got a good game going on, so they may fool us, they may be better. – [Stevie] You are both correct. (bell dings)
– Yeah, it’s the chocolateyness,
everything else is the same. – Look how chocolately the milk is. Choco Spots. – I mean Target got a good-looking box, it’s not like a sad box either. (booming electronic music)
– Round two. – [Stevie] One of these
is Kellogg’s Froot Loops, which retails for 29 cents per ounce, and the other is Kroger Fruit Rings, which sells for about 14 cents
per ounce, so which is which? – Fruit Rings, now one
of these is almost twice, no, no, it’s like a third taller. – But not all of ’em, do you see that? The machine that they’re using at one of the places is inconsistent, it makes big loops sometimes
and regular loops other times. Now I was allowed to eat these, ’cause they weren’t chocolate. They were the color of the
rainbow, and that can’t hurt ya. – This was one of my go-tos as a child, like at grandparents scenarios, you know, not at my own home.
– Just grandparent scenarios? Is that like something that
you get on an SAT test? Grandparent scenarios, there’s somebody at the Sat headquarters, I gotta come up with more grandparent scenarios. – Yeah, and that particular question, every answer’s correct,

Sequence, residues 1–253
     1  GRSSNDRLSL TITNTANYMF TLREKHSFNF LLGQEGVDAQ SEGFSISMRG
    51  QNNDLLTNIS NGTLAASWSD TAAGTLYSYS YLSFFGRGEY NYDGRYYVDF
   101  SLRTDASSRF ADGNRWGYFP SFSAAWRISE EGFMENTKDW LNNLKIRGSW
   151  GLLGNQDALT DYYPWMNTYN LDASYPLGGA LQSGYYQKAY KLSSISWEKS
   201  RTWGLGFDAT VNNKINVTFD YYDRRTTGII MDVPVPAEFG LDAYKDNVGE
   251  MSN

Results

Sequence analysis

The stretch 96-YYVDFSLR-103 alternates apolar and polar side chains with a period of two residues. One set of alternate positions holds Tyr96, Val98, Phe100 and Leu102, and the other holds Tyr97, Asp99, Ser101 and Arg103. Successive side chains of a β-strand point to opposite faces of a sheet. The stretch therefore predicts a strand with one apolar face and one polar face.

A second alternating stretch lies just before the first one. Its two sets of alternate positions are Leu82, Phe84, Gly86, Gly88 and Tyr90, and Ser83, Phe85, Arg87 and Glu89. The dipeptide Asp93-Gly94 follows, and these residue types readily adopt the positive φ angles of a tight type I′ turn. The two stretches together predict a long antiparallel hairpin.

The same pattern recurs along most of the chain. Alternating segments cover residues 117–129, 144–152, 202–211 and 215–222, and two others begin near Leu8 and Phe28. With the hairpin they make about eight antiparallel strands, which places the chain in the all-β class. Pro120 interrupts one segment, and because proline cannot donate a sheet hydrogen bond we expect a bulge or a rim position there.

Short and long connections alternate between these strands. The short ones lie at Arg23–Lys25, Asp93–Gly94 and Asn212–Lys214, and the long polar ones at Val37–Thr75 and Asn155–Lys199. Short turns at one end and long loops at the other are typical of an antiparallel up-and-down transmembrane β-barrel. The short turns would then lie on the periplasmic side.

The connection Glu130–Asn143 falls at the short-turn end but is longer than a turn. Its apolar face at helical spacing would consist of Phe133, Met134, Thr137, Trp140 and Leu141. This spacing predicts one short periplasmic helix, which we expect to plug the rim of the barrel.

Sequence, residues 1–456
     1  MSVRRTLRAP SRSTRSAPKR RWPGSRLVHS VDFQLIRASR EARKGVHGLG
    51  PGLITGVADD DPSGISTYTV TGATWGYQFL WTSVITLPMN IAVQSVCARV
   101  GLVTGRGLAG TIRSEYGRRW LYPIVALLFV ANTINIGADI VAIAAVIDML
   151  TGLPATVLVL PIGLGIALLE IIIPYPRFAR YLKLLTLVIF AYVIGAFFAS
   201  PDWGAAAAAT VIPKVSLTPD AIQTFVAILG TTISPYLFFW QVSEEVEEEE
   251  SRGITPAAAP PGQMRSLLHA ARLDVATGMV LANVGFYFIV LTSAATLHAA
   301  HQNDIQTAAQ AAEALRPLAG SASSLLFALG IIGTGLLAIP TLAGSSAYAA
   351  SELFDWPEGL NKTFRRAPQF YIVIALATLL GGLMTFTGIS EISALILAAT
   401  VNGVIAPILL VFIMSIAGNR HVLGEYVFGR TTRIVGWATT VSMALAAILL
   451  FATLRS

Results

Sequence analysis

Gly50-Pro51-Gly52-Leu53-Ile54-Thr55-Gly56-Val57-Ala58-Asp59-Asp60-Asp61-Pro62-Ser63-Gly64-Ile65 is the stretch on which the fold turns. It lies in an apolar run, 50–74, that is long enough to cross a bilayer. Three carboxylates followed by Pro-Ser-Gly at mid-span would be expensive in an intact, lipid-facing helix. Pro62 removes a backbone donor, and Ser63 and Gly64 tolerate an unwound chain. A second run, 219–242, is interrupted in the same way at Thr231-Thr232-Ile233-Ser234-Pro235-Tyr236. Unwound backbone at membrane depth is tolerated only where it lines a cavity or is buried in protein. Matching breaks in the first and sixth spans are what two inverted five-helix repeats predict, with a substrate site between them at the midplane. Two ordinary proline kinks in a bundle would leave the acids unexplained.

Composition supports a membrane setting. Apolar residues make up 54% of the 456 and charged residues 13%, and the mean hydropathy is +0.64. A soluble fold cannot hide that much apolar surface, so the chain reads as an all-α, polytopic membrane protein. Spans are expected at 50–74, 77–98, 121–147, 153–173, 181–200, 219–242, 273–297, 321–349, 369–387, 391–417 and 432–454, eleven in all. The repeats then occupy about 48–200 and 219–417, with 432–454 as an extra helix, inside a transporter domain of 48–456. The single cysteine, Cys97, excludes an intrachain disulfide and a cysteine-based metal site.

just like at Gramma’s house. – These melt in your mouth, but not in a good way. – These are a lot, I would say, crunchier. I would say more sugar forward, these are more fruit-flavored forward. – They feel like an echo of those. I don’t know if that gives you any hints. – [Stevie] Hand over the name
brand in three, two, one. – Yeah, it’s gotta be this one. – [Stevie] You’re both correct again. (bell dings)
– Yeah, yeah. – But here’s the thing.
– This is too easy so far. – You might actually find
yourself preferring the, oh gosh,
– they come in a bag, I knew it.
– It’s like something you feed a dog with. – Yeah, I refuse to eat
cereal out of a bag. (booming electronic music)
– Round three. – [Stevie] One of these is
Kellogg’s Frosted Flakes, which sells for 30 cents per ounce, and because apparently their
brand name is too generic and they weren’t able to
obtain a protected copyright, the other is Ralph’s generic
brand Kroger Frosted Flakes, which sells for 13 cents per ounce. – So if you put the word generic in front of Frosted Flakes, it’s okay. – It probably doesn’t say
that on the box, though. – Now, I already know just by smell. – Yeah, I think you touched
your nose to one of them. Just so you know. – I’m fine with that. At Nana and Papa’s
house, they would always get generic Frosted Flakes. – Oh, so you’ve had both. – It’s still in the cupboard. – And you love regular Frosted flakes Because back when we used
to get the variety packs in college, you hogged all the frosted. Whether it was mini wheats or flakes. You left me with plain Cheerios. – I don’t know if you noticed,
but I’m not apologizing. – I mean if I ate that
alone, I would just think I’d eaten Frosted Flakes,
that’s all I got to say. – One of them is more sweet by, I’d say a 20% sweeter. – Just say it.